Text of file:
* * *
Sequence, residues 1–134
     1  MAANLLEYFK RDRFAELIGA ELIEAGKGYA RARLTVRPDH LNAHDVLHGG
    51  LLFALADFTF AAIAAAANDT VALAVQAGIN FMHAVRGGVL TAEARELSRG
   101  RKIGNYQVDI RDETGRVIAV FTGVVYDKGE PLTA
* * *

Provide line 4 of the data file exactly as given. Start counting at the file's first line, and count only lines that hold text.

   101  RKIGNYQVDI RDETGRVIAV FTGVVYDKGE PLTA